Workplace mobbing: add Ann Curry to its slate of victims
By Maureen Duffy
Journalists want to report the news not be the news. But in the case of Ann Curry, the former Today show co-host who was pushed into stepping down from the co-anchor slot last June, she has become the news. New York Times reporter Brian Stelter’s recent feature article about morning television and the toxic culture at NBC’s Today show provides more than enough information to conclude that Ann Curry was a target of workplace mobbing.
Whatever your personal opinions of Curry and her work, she was clearly mobbed out of her Today show job. Workplace mobbing is a process of humiliation and degradation of a targeted worker with the purpose of removing that worker from the workplace or at least from a particular unit of it. It is a dark side of organizational life, involves co-workers ganging up on the target, and includes management’s involvement through active participation in the mobbing or through failure to stop it once it becomes known to them. Mobbing in the workplace includes a characteristic course of events that were first described by Heinz Leymann, the psychiatrist who conceptualized the problem in the 1980s. Let’s look at what Stelter reports as having happened to Ann Curry through the framework of this pattern of events representative of workplace mobbing.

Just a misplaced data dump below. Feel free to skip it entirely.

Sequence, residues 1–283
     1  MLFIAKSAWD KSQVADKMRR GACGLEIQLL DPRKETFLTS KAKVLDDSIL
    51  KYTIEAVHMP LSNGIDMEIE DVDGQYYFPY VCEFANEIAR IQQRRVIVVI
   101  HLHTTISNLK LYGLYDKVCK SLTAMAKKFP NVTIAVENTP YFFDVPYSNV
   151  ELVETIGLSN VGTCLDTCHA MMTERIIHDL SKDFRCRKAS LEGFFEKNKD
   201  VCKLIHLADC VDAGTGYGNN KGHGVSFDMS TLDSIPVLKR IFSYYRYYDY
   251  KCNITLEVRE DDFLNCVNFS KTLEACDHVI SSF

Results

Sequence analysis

- Today was losing market share, critics were saying the show was stale and that there was no chemistry between the co-hosts Ann Curry and Matt Lauer. Understandably, management was concerned. Their solution, however, is a classic error of logical type. Blame an individual — in this case, Ann Curry — for what was obviously a much more systemic problem. (Precipitating event or situation)
- Once “the problem,” had been identified as Ann Curry, management’s next step, according to Stelter, was to mount a campaign to get rid of her and they even had a name for it, “Operation Bambi.” (Targeting of a worker for elimination and involvement of management or administration)
- Curry was subjected to a series of hostile, negative acts that by most people’s standards would be humiliating and hurtful. Stelter reports the making of a blooper reel that showed Curry’s worst on-air moments and blunders, the gathering of staff to watch a particular on-air gaffe and presumably to talk about it, the collection of boxes of Curry’s belongings in a closet as if she had already left, control room staff making fun of Curry’s clothing choices and “generally messing with her,” and the comparison of a yellow dress that she wore to Big Bird and photo shopping her head on to Big Bird’s image and then asking staff to vote on which one wore the yellow outfit best. (Unethical communication about the target and series of negative acts)